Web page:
The team behind the TGM Plugin Activation Library (TGMPA) is working to propose it as a feature plugin for WordPress. Last July contributors on the project opened the discussion on a post calling for feature plugins, and the upcoming 3.0 version is being developed with this path in mind.
Developers use TGMPA to manage dependencies between plugins and themes, as an alternative to bundling a heap of plugin-type functionality into one extension. It walks users through the process of installing plugin dependencies that are required or recommended by the developer. The library is used by 6% of WordPress.org themes as well as a large number of commercial products hosted on CodeCanyon and Themeforest.
TGMPA will require a substantial rewrite in order to make it ready for consideration as a feature plugin. It also needs to be multisite compatible, address a number of usability issues, and be trimmed of extra features to become leaner and more core friendly.
The team behind the project has a survey open to solicit opinions from the community regarding the implementation of these changes. A few sample considerations from the survey include:
- What method should the plugin use to supply dependency information to multisite independently of whether a theme or plugin is active?
- How should the plugin deal with themes and plugins which haven’t yet upgraded to the newer version of TGMPA?
- Should the plugin support plugin download sources other than wordpress.org?
“To me it feels like we need more core team support for it to be properly considered for feature plugin status, so some lobbying behind the scenes is in order,” TGMPA lead developer Juliette Reinders Folmer told the Tavern. “The survey is also part of this as that will give us hard data to use in the discussions.”
The Future of TGMPA Is a More Modular Architecture
Folmer said that regardless of whether TGMPA is approved to become a feature plugin, future development will continue with core in mind.
“Development for v3 will be a lot more modular,” Folmer said. “TGMPA currently is effectively one file with four classes. That makes it easy to include it in themes and plugins (one file), but not as easy to maintain. As v3 will contain some big changes, this seems like a good point in time to change the structure of TGMPA as well.”
With a more modular approach in place, Folmer said that the team plans to split the package into a number of different repositories for development purposes. She has tentatively identified features that would be offered in the core module, and everything else would be supported via add-on modules, i.e.:
- support for bundled plugins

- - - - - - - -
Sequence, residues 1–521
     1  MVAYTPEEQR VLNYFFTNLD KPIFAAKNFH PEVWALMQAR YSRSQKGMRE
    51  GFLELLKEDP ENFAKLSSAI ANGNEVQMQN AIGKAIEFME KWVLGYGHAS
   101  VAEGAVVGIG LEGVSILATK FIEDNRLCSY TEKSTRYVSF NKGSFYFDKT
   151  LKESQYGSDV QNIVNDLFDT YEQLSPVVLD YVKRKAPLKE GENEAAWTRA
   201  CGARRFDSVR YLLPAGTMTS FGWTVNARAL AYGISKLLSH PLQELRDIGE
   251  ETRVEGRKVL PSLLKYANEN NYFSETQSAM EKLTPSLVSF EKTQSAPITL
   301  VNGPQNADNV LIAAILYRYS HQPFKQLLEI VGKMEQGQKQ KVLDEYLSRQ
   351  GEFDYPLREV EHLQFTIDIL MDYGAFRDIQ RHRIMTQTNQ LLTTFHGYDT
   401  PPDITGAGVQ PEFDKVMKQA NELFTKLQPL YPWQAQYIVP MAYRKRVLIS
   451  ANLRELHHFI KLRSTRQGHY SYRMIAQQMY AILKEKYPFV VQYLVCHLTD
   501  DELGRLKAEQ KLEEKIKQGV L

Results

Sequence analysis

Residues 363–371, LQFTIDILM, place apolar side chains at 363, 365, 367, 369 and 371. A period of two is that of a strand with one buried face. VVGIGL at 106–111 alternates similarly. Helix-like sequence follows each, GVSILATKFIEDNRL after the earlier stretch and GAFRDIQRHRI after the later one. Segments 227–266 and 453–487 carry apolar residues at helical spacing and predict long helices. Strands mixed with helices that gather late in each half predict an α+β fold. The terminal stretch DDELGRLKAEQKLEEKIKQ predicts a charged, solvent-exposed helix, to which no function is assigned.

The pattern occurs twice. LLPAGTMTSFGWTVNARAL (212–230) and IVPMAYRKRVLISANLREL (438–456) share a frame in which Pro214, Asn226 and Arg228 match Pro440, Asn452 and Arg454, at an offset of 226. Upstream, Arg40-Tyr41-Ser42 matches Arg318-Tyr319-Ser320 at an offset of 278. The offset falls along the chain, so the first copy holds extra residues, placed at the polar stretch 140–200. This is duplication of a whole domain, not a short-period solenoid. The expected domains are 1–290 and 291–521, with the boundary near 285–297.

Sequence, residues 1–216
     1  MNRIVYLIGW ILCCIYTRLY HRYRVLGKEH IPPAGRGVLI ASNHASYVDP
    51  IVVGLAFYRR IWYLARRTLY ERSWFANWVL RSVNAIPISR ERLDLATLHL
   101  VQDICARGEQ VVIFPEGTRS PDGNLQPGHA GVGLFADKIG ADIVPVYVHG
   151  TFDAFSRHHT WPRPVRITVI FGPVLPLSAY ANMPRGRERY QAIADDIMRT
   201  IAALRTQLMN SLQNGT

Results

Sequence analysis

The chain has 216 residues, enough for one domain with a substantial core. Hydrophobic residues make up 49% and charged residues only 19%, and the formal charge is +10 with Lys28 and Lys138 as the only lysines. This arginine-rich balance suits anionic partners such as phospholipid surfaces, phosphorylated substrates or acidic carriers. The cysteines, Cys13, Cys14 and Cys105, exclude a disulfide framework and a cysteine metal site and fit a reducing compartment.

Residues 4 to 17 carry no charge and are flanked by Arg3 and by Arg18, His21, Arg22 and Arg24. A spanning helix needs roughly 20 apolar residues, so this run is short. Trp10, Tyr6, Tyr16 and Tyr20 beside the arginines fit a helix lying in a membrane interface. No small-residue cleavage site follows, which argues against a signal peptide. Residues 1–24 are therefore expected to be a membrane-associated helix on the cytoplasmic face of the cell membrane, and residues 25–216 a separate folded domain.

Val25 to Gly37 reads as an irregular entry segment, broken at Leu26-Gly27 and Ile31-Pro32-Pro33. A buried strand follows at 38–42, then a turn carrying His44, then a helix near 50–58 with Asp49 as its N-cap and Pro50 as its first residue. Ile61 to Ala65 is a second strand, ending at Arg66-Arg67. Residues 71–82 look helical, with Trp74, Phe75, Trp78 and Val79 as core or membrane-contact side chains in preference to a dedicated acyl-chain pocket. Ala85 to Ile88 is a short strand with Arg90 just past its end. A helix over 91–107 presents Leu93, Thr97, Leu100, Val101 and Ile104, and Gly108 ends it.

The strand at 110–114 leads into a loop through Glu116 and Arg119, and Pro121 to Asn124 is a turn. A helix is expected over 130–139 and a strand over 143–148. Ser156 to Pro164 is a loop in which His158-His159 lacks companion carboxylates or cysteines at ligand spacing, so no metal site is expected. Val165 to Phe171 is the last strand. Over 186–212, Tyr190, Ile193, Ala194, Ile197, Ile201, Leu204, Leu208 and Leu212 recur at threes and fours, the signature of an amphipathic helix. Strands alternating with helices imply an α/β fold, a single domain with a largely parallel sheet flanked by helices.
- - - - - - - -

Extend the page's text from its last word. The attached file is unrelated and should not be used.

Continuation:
- support for non-wp.org download urls
- support for recommended plugins
TGMPA would also introduce two wrappers – each would function as a layer that will load all the available modules:
- one for continued support for including TGMPA in plugins and themes
- one for TGMPA as a feature plugin
“So no matter what will be decided concerning whether TGMPA will be allowed to become a feature plugin, support for the features of TGMPA as is (but better) will be continued,” Folmer said.
“With the modular development, it won’t be as easy anymore to download ‘TGMPA’ from GitHub, as you’d need to download all the different modules (or use composer / use git submodules),” she said. “I envision the Custom TGMPA Generator to be the way forward for downloading TGMPA as a complete package in that respect.”
Can TGMPA Gain Enough Support from Core Developers to Become a Feature Plugin?
Folmer said that the WordPress core developers she has spoken with are divided on whether on whether its current approach makes it a good candidate for a feature plugin.
“The primary goal of plugin dependencies should be that it’s invisible to the user,” Pendergast said. “If there’s ever a point where the user is asked to make a decision, then it’s not ready for core.
“I’ve had a quick read through the TGMPA code,” he said. “I think it’s solving the problem it needed to solve (providing a drop-in library for themes and plugins), but I think we’d need to tie it much more tightly into core for it to be a feature plugin.”
Folmer hopes to address user experience concerns with refinements to the plugin based on feedback from the survey, which will be open until the end of March.
“So far, most responses have been from developers using TGMPA,” she said. “Even though the survey is quite technical, we would very much also like to hear from more end-users.”
With the recent confusion over WordPress.org’s previously unwritten rule banning framework plugins from the official directory, the challenge of managing inter-plugin dependencies is under the spotlight again. The TGM Plugin Activation library isn’t the only possible solution to this problem, but it does have a motivated contributor base that is willing to take up the challenge of solving this problem via a feature plugin. If you want to be part of shaping the roadmap for version 3, make sure to fill out the survey before April 1.